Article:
The new HAL SPI API is shown below. Highlights of the changes are:

* Moved spi_type, transmit/receive callback and argument out of 
hal_spi_settings and into device specific structure. This was done as these are 
the parameters we might expect someone to want to reconfigure an initialized 
SPI with. They are also generic across SPI implementation.
* There is now a blocking and non-blocking API: hal_spi_txrx() is blocking; 
hal_spi_txrx_noblock() is the non-blocking interface. This was done as setting 
the callback to NULL or not NULL to denote blocking/non-blocking was hard to 
see/understand. Furthermore, you should be able to use the HAL in non-blocking 
mode (if you want) with a callback configured.
* If you want to configure the SPI using hal_spi_config, the spi must be 
disabled first (or not yet enabled).
* Made it more clear that if you use greater than 8-bit data words for the SPI, 
you pass an array of uint16_t values to the API.
* Changed ‘len’ to ‘cnt’ in the hal_spi_txrx and hal_spi_txrx_noblock API so 
that it was more obvious we are talking about “number of values” as opposed to 
“bytes"

Comments, as always, appreciated...
/* Prototype for tx/rx callback */
typedef void (*hal_spi_txrx_cb)(void *arg, int len);

/**
 * since one spi device can control multiple devices, some configuration
 * can be changed on the fly from the hal
 */
struct hal_spi_settings {
    uint8_t         data_mode;
    uint8_t         data_order;
    uint8_t         word_size;
    uint32_t        baudrate;
};

/**
 * Initialize the SPI, given by spi_num.
 *
 * @param spi_num The number of the SPI to initialize
 * @param cfg HW/MCU specific configuration,
 *            passed to the underlying implementation, providing extra
 *            configuration.
 * @param spi_type SPI type (master or slave)
 *
 * @return int 0 on success, non-zero error code on failure.
 */
int hal_spi_init(int spi_num, void *cfg, uint8_t spi_type);

/**
 * Configure the spi. Must be called after the spi is initialized (after
 * hal_spi_init is called) and when the spi is disabled (user must call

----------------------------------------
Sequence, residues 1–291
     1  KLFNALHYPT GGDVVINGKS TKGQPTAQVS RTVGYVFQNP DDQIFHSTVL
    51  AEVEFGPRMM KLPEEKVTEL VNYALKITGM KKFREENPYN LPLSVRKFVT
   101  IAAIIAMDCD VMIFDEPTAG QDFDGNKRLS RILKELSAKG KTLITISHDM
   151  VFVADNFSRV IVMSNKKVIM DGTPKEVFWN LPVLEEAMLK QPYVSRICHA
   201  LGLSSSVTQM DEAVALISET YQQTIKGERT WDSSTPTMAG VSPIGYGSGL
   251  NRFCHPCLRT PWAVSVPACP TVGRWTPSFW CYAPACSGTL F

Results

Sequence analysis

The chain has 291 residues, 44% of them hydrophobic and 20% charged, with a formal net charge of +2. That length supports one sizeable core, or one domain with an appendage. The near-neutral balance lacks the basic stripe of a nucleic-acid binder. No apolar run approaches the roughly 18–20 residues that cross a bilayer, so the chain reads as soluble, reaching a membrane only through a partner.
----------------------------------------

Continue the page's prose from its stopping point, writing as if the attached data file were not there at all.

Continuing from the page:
* hal_spi_disable if the spi has been enabled through hal_spi_enable prior
 * to calling this function). Can also be used to reconfigure an initialized
 * SPI (assuming it is disabled as described previously).
 *
 * @param spi_num The number of the SPI to configure.
 * @param psettings The settings to configure this SPI with
 *
 * @return int 0 on success, non-zero error code on failure.
 */
int hal_spi_config(int spi_num, struct hal_spi_settings *psettings);

/**
 * Sets the txrx callback (executed at interrupt context) when the
 * buffer is transferred by the master or the slave using the non-blocking API.
 * Cannot be called when the spi is enabled. This callback will also be called
 * when chip select is de-asserted on the slave.
 *
 * NOTE: This callback is only used for the non-blocking interface and must
 * be called prior to using the non-blocking API.
 *
 * @param spi_num   SPI interface on which to set callback
 * @param txrx      Callback function
 * @param arg       Argument to be passed to callback function
 *
 * @return int 0 on success, non-zero error code on failure.
 */
int hal_spi_set_txrx_cb(int spi_num, hal_spi_txrx_cb txrx_cb, void *arg);

/**
 * Enables the SPI. This does not start a transmit or receive operation;
 * it is used for power mgmt. Cannot be called when a SPI transfer is in
 * progress.
 *
 * @param spi_num
 *
 * @return int 0 on success, non-zero error code on failure.
 */
int hal_spi_enable(int spi_num);

/**
 * Disables the SPI. Used for power mgmt. It will halt any current SPI transfers
 * in progress.
 *
 * @param spi_num
 *
 * @return int 0 on success, non-zero error code on failure.
 */
int hal_spi_disable(int spi_num);

/**
 * Blocking call to send a value on the SPI. Returns the value received from the
 * SPI slave.
 *
 * MASTER: Sends the value and returns the received value from the slave.
 * SLAVE: Invalid API. Returns 0xFFFF
 *
 * @param spi_num   Spi interface to use
 * @param val       Value to send
 *
 * @return uint16_t Value received on SPI interface from slave. Returns 0xFFFF
 * if called when the SPI is configured to be a slave
 */
uint16_t hal_spi_tx_val(int spi_num, uint16_t val);

/**
 * Blocking interface to send a buffer and store the received values from the
 * slave. The transmit and receive buffers are either arrays of 8-bit (uint8_t)
 * values or 16-bit values depending on whether the spi is configured for 8 bit
 * data or more than 8 bits per value. The 'cnt' parameter is the number of
 * 8-bit or 16-bit values. Thus, if 'cnt' is 10, txbuf/rxbuf would point to an
 * array of size 10 (in bytes) if the SPI is using 8-bit data; otherwise
 * txbuf/rxbuf would point to an array of size 20 bytes (ten, uint16_t values).
 *
 * NOTE: these buffers are in the native endian-ness of the platform.
 *
 *     MASTER: master sends all the values in the buffer and stores the
 *             stores the values in the receive buffer if rxbuf is not NULL.